On July 17 on the Patheos blog Unfundamentalist Christians, a blog dedicated to repackaging Christianity for greater feminist and LGBT friendliness, guest contributor April Kelsey’s bio proclaims her goal to be “to put the final nail in fundamentalist Christianity”. Well, everyone should have a goal in life, although it’s far more probable that progressive Christians like Kelsey will cease to be Christians even in name long before fundamentalist Christians cease to be fundamentalist.
However, Kelsey is unaware that she, too, is a fundamentalist, albeit one who skews her reading of the Bible leftward rather than to the right. Indeed, the last line of her post “Your ‘Deeply-Held Belief’ Isn’t Biblical” — “… [I]f it isn’t in the Bible, I don’t have to believe it” — is the most common expression of one of the “two pillars” of Christian fundamentalism: sola scriptura, “only Scripture”.[*] I too would like to see the end of Christian fundamentalism, because I’d like to see the end of Christian disunity, which sola scriptura helps to propagate.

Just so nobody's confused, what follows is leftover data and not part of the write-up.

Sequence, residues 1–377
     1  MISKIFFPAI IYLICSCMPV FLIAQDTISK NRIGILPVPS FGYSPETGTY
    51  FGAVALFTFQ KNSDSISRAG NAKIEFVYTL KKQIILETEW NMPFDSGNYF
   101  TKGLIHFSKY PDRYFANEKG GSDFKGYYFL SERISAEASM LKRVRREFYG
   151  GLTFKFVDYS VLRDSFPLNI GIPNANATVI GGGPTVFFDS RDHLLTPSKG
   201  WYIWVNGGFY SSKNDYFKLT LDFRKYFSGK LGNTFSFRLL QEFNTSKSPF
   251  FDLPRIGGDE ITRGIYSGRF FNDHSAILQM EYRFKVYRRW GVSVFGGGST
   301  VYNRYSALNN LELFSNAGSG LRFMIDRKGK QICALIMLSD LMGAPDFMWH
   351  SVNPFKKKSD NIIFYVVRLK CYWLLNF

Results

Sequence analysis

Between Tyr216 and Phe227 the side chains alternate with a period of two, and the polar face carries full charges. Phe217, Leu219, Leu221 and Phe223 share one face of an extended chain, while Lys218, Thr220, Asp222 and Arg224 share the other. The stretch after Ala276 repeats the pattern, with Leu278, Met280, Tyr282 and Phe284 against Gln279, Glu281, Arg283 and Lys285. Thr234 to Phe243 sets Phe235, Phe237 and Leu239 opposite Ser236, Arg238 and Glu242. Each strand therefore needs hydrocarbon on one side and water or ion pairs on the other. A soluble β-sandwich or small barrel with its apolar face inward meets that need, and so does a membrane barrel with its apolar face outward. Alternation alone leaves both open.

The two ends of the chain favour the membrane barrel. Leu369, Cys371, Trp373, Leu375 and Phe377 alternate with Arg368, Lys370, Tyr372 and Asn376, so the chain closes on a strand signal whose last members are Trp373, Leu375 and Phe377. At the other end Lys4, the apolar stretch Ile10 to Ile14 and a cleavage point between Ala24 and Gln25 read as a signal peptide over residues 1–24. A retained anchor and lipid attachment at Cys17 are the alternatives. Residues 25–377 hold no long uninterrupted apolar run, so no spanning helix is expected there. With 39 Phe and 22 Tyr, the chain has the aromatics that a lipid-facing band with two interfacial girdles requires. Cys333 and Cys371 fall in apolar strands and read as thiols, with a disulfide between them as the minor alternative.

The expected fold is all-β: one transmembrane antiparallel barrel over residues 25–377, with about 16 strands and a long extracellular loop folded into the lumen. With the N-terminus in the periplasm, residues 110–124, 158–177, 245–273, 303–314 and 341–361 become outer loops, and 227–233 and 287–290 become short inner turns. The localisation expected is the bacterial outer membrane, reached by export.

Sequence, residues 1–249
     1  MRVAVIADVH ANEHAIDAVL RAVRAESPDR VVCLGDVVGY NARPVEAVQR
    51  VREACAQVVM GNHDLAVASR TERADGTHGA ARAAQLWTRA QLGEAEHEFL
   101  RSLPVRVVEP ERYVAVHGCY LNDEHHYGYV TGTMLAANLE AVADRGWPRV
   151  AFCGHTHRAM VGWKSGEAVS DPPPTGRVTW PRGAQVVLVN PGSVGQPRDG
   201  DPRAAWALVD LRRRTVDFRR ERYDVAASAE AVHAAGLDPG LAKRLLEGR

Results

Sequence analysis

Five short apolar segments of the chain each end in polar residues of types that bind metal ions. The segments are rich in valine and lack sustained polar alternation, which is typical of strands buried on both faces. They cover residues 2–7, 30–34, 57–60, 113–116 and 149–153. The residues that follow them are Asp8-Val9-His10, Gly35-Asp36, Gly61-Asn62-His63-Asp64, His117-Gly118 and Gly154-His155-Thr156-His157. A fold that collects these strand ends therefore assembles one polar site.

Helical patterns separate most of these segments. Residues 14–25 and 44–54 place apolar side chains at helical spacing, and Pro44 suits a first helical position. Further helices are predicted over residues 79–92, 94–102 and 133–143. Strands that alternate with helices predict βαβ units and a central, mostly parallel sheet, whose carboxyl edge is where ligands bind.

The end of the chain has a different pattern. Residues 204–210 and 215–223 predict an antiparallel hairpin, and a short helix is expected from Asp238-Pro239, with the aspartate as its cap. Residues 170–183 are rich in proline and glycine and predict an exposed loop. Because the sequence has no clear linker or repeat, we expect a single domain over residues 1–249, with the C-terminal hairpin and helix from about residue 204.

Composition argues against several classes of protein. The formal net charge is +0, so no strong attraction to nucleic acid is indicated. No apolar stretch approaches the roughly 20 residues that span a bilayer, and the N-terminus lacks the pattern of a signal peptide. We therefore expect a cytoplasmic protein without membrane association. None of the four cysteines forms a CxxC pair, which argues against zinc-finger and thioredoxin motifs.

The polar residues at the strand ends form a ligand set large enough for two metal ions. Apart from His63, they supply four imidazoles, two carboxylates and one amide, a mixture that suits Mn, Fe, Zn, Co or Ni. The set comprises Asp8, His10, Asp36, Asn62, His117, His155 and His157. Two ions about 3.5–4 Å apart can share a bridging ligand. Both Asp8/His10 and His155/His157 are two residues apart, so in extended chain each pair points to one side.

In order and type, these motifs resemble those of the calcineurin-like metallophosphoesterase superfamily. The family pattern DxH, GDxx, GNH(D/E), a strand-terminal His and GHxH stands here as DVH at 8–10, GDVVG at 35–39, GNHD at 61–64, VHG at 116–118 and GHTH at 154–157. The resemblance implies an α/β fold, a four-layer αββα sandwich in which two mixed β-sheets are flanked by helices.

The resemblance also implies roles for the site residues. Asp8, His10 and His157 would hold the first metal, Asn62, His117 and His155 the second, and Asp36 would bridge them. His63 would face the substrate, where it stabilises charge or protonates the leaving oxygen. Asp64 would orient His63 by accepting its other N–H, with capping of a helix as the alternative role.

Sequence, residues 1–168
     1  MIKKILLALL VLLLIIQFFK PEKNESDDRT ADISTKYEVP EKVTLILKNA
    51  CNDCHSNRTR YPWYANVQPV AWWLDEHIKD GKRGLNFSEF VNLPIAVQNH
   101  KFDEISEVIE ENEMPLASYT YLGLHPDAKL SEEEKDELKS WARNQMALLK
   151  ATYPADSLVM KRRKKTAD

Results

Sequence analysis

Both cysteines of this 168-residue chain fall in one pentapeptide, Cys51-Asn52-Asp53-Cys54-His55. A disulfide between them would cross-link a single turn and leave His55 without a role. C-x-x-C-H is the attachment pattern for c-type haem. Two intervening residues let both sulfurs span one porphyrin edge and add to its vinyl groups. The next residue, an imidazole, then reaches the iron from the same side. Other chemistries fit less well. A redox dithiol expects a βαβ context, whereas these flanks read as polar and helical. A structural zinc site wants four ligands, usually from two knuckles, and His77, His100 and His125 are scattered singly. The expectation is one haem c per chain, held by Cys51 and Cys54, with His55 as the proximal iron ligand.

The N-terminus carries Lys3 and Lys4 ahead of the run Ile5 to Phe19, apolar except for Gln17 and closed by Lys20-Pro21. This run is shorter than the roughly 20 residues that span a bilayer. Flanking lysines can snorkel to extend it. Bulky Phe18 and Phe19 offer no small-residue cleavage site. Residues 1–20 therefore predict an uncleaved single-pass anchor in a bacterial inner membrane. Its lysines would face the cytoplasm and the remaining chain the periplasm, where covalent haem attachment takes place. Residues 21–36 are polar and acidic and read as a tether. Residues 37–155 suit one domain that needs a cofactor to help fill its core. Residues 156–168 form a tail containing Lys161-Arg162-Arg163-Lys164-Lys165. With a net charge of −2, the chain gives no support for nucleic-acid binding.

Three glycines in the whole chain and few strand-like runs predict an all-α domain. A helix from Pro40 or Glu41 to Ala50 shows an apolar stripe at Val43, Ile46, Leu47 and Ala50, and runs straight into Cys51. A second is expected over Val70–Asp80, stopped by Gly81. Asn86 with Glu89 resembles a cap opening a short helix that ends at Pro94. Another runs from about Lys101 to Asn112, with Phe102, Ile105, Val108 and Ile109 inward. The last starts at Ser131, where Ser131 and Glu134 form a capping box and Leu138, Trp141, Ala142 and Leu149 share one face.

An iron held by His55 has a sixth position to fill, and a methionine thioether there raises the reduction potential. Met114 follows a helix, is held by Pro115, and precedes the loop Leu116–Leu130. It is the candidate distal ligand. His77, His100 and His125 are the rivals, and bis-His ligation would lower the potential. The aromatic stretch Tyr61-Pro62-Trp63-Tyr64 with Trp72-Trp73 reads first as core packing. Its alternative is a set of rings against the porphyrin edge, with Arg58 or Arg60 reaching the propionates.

Now, if you want to stop being a fundamentalist, you have to reject sola scriptura (and there are many reasons you should do so). There are really only three ways to accomplish this. One is to stop being Christian altogether. The second is to regard the Bible as fallible and make Christ your ideological sock puppet, like Jimmy Carter. The third is to become Catholic, or at least Eastern Orthodox, and let the apostolic tradition guide your understanding of Scripture. Whichever way you do it, you can’t say, “I only believe what I read in the Bible,” and still pretend you’re not a fundamentalist. Fundamentalist does not equal politically conservative.